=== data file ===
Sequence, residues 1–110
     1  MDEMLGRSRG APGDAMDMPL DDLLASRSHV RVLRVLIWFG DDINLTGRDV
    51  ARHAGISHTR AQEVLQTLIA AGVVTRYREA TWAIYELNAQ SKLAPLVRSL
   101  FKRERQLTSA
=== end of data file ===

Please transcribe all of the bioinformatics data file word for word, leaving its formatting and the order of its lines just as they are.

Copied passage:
Sequence, residues 1–110
     1  MDEMLGRSRG APGDAMDMPL DDLLASRSHV RVLRVLIWFG DDINLTGRDV
    51  ARHAGISHTR AQEVLQTLIA AGVVTRYREA TWAIYELNAQ SKLAPLVRSL
   101  FKRERQLTSA